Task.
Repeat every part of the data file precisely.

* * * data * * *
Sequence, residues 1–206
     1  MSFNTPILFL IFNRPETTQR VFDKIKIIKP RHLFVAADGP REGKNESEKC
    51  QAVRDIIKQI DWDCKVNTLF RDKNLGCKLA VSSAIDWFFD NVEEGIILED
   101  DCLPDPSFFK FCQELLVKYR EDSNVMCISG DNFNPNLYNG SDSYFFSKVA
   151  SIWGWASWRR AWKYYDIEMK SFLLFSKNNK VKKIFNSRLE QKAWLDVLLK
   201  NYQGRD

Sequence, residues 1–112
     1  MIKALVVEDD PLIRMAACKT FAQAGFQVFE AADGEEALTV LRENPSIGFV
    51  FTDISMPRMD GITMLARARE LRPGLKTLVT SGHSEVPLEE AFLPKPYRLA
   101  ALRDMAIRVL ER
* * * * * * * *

Sequence, residues 1–206
     1  MSFNTPILFL IFNRPETTQR VFDKIKIIKP RHLFVAADGP REGKNESEKC
    51  QAVRDIIKQI DWDCKVNTLF RDKNLGCKLA VSSAIDWFFD NVEEGIILED
   101  DCLPDPSFFK FCQELLVKYR EDSNVMCISG DNFNPNLYNG SDSYFFSKVA
   151  SIWGWASWRR AWKYYDIEMK SFLLFSKNNK VKKIFNSRLE QKAWLDVLLK
   201  NYQGRD

Sequence, residues 1–112
     1  MIKALVVEDD PLIRMAACKT FAQAGFQVFE AADGEEALTV LRENPSIGFV
    51  FTDISMPRMD GITMLARARE LRPGLKTLVT SGHSEVPLEE AFLPKPYRLA
   101  ALRDMAIRVL ER